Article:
[Returned for revision] SE-0258: Property Delegates

(John McCall) #1

The review for SE-0258 has concluded. There was a lot of great discussion in this review, leading to some very useful feedback for the Core Team and the proposal authors. That feedback can be broken down into two categories: (1) procedural feedback about the state of the proposal and its review and (2) technical feedback about the actual proposal. Both are useful, and we'll consider each in turn.

Several members of the community felt that this proposal just wasn't ready for review, and the Core Team agrees with these concerns. Some aspects of the proposal seem a little under-justified, while others seem awkwardly designed. Both of these points suggest that further development is required, whether to improve the rationales in the proposal text or to substantively improve the design. Accordingly, the Core Team has decided to return the proposal for further design and development. Crucially, this result differs from rejection in that the Core Team accepts that this is a worthwhile feature in general and would be pleased to accept a version of this proposal that satisfies the concerns covered in this announcement. The Core Team feels that this result is consistent with the general tenor of the feedback received.

The Core Team wishes to establish a productive framework for further discussion, and so we are providing the following guidance about specific technical aspects of the proposal:

  • The Core Team accepts the general custom-attribute design laid out in this proposal as a useful way of generalizing existing modifiers (whether keyword- or attribute-based) and creating a namespace for future extensions.

  • The Core Team accepts the specific use of custom attributes in this proposal for specifying the delegate type. We are not concerned that this will exhaust the attribute namespace or "claim" it for just this one feature. We are also convinced, after some preliminary investigation, that choosing an attribute-based spelling will not preclude composition of delegates in the future.

  • The Core Team agrees with the proposal that composition of delegates is not necessary to solve in the initial design.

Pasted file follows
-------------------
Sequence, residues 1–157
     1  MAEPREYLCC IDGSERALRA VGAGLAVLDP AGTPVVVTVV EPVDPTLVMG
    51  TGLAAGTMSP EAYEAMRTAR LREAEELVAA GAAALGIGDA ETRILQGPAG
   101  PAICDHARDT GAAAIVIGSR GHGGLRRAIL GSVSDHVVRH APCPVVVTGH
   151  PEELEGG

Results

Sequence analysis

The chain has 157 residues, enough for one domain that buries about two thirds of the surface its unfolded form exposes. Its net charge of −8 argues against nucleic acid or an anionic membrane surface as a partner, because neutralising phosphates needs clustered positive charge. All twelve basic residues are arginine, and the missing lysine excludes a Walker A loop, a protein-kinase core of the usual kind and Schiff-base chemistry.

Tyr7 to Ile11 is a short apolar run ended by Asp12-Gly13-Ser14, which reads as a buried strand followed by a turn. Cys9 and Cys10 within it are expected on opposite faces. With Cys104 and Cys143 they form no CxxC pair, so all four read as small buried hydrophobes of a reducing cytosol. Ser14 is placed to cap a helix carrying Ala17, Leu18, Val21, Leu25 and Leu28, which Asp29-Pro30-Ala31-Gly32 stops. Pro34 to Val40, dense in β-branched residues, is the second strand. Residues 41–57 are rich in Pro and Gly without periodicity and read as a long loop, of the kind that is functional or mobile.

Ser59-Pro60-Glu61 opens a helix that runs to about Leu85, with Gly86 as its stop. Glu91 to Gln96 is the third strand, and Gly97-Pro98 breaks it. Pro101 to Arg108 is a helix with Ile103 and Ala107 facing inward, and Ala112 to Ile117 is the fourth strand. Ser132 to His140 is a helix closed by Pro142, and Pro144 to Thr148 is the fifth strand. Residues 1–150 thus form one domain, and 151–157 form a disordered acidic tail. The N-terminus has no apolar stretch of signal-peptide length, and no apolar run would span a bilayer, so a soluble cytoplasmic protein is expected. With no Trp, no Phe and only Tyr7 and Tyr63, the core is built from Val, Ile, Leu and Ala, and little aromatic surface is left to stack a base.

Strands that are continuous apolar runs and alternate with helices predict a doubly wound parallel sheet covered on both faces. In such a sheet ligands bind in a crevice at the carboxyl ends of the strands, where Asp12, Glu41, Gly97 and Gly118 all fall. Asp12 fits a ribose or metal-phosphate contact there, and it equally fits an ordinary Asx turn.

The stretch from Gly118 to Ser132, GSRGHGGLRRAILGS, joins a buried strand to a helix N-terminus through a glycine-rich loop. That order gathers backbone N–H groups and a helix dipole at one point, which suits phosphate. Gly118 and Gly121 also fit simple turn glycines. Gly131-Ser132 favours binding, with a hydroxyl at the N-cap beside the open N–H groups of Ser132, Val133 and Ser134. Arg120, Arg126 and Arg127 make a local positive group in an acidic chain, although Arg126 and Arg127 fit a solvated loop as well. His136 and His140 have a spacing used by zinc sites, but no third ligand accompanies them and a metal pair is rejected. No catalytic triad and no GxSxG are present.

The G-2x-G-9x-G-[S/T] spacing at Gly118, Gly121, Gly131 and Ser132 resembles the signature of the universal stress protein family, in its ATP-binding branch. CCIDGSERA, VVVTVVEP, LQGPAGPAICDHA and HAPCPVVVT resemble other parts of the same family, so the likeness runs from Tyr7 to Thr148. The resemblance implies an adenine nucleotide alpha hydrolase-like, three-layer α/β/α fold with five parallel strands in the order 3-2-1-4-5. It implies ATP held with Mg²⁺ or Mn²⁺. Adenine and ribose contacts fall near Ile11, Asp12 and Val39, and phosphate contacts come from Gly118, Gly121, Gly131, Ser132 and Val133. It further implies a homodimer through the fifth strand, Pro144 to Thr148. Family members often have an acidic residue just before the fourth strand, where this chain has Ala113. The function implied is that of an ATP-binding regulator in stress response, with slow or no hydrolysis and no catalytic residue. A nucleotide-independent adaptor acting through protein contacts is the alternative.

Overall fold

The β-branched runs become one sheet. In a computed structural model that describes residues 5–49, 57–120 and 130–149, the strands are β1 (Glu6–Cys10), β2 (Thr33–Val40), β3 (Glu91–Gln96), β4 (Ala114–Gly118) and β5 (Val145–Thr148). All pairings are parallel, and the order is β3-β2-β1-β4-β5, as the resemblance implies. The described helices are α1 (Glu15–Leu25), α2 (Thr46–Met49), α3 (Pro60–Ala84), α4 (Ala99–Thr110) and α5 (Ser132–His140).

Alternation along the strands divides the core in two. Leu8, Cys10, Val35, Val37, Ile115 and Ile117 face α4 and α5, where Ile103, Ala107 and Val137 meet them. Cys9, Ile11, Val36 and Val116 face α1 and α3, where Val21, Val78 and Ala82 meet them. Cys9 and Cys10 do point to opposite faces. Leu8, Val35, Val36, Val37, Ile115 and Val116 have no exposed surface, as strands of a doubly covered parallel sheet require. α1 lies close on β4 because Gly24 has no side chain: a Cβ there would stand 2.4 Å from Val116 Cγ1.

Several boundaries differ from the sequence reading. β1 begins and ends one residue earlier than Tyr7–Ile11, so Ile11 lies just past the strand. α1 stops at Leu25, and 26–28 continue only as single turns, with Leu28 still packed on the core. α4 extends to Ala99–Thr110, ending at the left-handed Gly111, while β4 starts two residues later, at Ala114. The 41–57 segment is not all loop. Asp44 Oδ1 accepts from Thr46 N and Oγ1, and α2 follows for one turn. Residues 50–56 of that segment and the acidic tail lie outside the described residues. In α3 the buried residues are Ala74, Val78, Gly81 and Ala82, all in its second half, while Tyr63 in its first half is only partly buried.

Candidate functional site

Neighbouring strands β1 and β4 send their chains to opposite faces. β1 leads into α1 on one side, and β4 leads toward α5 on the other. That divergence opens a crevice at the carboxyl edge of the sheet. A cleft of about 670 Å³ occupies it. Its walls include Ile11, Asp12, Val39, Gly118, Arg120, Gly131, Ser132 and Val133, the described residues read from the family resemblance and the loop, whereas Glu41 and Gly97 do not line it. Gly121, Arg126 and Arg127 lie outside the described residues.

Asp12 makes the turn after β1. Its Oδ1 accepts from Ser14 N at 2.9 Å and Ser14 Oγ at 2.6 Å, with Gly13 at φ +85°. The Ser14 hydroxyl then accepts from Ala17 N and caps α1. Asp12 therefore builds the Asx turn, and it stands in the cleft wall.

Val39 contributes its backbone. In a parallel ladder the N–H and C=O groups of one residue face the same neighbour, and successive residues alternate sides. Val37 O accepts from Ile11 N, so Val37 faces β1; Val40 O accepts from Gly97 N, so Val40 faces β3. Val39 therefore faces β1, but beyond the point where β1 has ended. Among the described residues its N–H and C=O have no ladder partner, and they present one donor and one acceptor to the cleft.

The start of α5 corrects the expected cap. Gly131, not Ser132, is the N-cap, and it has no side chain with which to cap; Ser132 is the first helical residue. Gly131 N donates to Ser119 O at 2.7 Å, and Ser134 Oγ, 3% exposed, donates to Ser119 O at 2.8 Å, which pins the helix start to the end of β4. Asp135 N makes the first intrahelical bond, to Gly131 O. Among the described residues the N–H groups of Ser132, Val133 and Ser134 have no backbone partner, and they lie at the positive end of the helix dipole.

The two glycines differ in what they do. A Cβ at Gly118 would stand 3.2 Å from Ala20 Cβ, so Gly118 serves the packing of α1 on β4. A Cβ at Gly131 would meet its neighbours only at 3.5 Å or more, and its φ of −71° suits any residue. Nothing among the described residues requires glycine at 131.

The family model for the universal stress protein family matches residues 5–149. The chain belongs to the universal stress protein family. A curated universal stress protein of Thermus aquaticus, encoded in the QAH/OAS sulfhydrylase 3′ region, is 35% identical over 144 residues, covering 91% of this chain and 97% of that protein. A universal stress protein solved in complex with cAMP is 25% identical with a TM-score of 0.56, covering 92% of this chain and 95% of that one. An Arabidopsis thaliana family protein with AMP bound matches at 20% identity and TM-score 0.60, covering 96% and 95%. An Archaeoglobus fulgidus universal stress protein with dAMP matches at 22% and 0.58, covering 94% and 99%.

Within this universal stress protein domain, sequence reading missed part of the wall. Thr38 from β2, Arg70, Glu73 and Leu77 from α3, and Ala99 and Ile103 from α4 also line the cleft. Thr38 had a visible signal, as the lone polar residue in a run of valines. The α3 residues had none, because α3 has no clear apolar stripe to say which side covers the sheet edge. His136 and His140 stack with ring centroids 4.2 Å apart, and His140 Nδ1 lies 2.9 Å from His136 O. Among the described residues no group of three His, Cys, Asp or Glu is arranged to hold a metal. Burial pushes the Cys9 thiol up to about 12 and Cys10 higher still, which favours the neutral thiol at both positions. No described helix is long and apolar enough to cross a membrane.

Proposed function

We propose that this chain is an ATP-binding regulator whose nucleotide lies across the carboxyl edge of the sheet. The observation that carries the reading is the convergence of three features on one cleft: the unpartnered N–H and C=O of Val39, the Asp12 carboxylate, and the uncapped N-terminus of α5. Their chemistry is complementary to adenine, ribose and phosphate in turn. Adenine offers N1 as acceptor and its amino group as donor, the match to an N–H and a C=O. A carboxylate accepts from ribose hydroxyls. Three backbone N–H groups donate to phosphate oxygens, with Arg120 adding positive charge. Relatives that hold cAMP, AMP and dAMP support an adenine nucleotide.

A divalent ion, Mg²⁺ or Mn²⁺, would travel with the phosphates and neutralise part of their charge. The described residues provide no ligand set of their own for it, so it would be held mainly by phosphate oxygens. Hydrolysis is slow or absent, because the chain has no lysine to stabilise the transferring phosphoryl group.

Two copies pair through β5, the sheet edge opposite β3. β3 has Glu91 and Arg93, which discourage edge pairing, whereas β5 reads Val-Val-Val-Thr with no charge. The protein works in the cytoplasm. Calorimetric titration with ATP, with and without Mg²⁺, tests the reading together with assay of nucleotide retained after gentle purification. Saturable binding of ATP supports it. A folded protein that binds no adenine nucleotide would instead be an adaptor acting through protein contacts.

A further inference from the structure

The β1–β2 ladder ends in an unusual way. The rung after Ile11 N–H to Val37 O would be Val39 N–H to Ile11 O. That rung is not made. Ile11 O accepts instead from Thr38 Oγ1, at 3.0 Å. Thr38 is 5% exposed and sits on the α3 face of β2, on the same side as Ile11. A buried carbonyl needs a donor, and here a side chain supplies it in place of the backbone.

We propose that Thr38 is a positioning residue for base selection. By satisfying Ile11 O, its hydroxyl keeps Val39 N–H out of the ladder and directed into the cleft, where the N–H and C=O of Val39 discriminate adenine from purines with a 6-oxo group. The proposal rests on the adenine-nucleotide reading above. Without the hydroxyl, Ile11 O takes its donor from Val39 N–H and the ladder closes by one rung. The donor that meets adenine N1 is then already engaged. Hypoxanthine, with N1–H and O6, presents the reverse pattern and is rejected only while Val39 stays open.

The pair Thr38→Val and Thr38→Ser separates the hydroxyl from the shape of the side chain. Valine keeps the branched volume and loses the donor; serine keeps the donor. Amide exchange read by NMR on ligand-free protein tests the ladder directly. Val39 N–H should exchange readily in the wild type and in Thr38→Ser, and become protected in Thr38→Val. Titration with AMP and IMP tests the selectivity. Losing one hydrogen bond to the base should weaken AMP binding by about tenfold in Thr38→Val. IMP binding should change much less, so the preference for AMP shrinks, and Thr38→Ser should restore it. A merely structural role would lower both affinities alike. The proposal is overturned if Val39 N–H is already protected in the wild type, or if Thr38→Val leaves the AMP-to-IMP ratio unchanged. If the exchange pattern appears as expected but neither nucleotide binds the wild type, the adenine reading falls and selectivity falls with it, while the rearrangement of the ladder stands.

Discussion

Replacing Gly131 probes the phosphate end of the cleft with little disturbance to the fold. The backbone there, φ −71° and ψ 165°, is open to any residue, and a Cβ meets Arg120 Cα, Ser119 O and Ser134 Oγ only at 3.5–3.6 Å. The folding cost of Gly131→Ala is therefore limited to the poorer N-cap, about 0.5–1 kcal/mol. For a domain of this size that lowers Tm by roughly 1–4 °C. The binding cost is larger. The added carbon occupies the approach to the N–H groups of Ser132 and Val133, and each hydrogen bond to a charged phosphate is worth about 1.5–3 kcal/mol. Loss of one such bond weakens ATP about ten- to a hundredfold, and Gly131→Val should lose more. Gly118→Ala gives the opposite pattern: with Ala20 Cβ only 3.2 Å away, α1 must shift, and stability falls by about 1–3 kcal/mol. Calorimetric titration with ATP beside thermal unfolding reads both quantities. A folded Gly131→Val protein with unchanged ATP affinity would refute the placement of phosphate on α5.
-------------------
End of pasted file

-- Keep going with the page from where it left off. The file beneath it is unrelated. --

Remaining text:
• The Core Team accepts the proposal's use of an attribute and ad hoc requirements to define a delegate type rather than using a formal protocol. A formal protocol would substantially limit the expressivity of the feature.

  • The Core Team feels that the proposal fails to justify delegateValue well enough for it to be evaluated. This feature was developed late in the pitch phase and added to the proposal without much discussion, and it adds a substantial amount of conceptual complexity. The proposal should explain the purpose of this feature well enough that the community (and Core Team) can meaningfully evaluate the proposed approach and consider alternatives to it.

  • The Core Team feels that the ability to explicitly specify getters and setters is similarly inadequately justified.

  • The Core Team agrees with the community that the inability to control access to the delegate storage is a serious concern. It's okay in principle for a proposal to just pick a reasonable default rule like this for certain language interactions, but we do need some assurance that we're not going to be stuck with bad compromises in the future. For something like access control, establishing that there's room for an acceptable design basically means doing most of the work, so the proposal really just ought to include it.

  • The Core Team agrees with the community that "property delegates" isn't a good name for this feature. First, the feature isn't fundamentally about delegation, it's about giving the property different behavior. Second, it's not hard to imagine that we might someday add a feature that is fundamentally about delegation, i.e. something to make it easier to define storage as an alias for other storage. Finally, "delegate" has an idiomatic meaning in Apple UI programming that's quite different from this. Among the better names suggested in the review:

    • "property behaviors", even though that name was already used for a similar-but-rejected feature in the past
    • "property wrappers"
    • "property decorators"